Powerful, thrilling and mystical are the first three associations Hans Thurner comes up with about Greenland. The mountain and ski guide, photographer, lecturer and book author has been travelling around the world for many years now, since 2016 he has already spent a total of five months in Greenland. On November 29 he will be giving a Deep Space Special lecture at the Ars Electronica Center and, with the help of the unique environment of this location, will not only bring the landscape of Greenland to Linz, but also the people, this extraordinary, changing society. We asked him in advance to correct and complete our images of Greenland and to tell us what the audience can expect next Friday.
What awaits the visitors at the Deep Space Special lecture?
Hans Thurner: An overall view of Greenland that most people will not expect! The visitors are “right in the middle” of the stories and experiences on the huge screen, accompanied by original sound recordings of Greenlandic musicians. The photos and films will be commented live.
You say in the announcement of your lecture that Greenland is much more than “ice and snow”. What or how is Greenland?
Hans Thurner: Many have only a vague idea of the largest island in the world, such as that there is hardly any life other than ice and snow. But the populated coastal regions in the west, south and east of the country are characterised by several smaller and larger villages. In Tasiilaq, for example, the largest settlement on the east coast, live about 2,500 people. There are two supermarkets, a hospital, a school and a kindergarten. Just behind the last houses of the settlement you can walk into the so-called “flower valley”. In summer dozens of different types of flowers bloom here. In the south of the country there is even agriculture, although on a modest scale, as well as livestock farming with sheep. The capital Nuuk on the west coast is home to 18,000 people. The parliament is also located here and for ten years there has even been a university.
How does society in Greenland differ from ours? And what can we learn from each other?
Hans Thurner: Greenlanders used to be hunters only. They had to adapt perfectly to the Arctic weather and ice conditions in order to survive. What has remained to this day is an admirable calmness in dealing with weather-related time delays, for example. They don’t seem stressed at all. The Greenlanders can also be described as very peace-loving people, since they have never waged war. They meet strangers with an unprejudiced openness. The family cohesion that made survival possible in earlier times was and still is strongly pronounced. Today, however, a profound change is taking place in the society of survival artists. Hunting culture has lost its significance and the modern world has penetrated the furthest corners of villages at a rapid pace. Unfortunately, this brings not only many advantages but also many social problems such as high unemployment and alcohol addiction. At the same time, a new spirit of optimism is noticeable, especially among young people, who value old traditions with a certain self-evidence and connect them effortlessly with modern ways of life.
Ars Electronica is all about “art – technology – society”. We just talked about the last point, what role does technology play in a country like Greenland that seems to be governed by nature?
Hans Thurner: As in every developed country on earth, technology is playing an increasingly important role in Greenland, of course – in communication, transport, supply, administration, etc… Greenlanders may, however, be more relaxed when, for example, “nothing moves” in air and sea traffic, because nature, in the form of strong winds, fog and pack ice, leaves “everything standing still”. Sometimes even for days – in summer as well as in winter…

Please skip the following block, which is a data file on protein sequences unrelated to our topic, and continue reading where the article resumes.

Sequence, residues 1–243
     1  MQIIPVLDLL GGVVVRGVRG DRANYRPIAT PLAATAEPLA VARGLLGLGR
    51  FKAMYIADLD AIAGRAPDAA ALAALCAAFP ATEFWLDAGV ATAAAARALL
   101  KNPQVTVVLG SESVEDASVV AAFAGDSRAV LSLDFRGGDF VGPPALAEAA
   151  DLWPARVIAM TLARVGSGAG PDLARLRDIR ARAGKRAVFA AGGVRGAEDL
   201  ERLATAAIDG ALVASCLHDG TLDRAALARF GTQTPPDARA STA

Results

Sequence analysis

What has impressed you the most, what is most memorable to you and how has your attitude towards Greenland changed?
Hans Thurner: You will rarely find so much expanse, size and clarity in a landscape like Greenland. This impresses practically everyone who travels to Greenland and leaves a lasting impression! However, increasing global warming and the associated changes are making Greenland more and more differentiated. The retreating glaciers will probably open up the mining of huge quantities of raw materials in the not so distant future. The decline in Arctic sea ice makes Greenland more accessible to shipping, creating new opportunities for international trade. On the other hand, Greenlandic hunters will find it much more difficult to carry out their traditional hunting practices, e.g. by dog sledding, which in turn will lead to the loss of an important part of Greenlandic culture and identity. The big question is how Greenlanders will cope with these changes and challenges and whether they will be able to develop into a self-determined state or whether they will become the plaything of the great powers.
Hans Thurner was able to realize his life’s dream and make the fascination that mountains, travel and photography exerted on him his profession. The camera has always accompanied him and helps him to capture the fleeting moments of his encounters with nature and man. He is one of the best-known speakers in the professional lecture scene. He takes his audience with him on his “visionary journeys” full of geographical and cultural diversity. His multivision lectures have received several awards. Today he works as a mountain and ski guide, photographer, lecturer and author. He has long made a name for himself as a connoisseur of the Austrian and international mountain world, a renowned trainer and an experienced tour guide.
Every Thursday, 7 PM, the Ars Electronica Center invites you to a Deep Space LIVE “. High-resolution image worlds in the format of 16 by 9 meters meet expert commentary, entertaining double conférences and musical improvisation.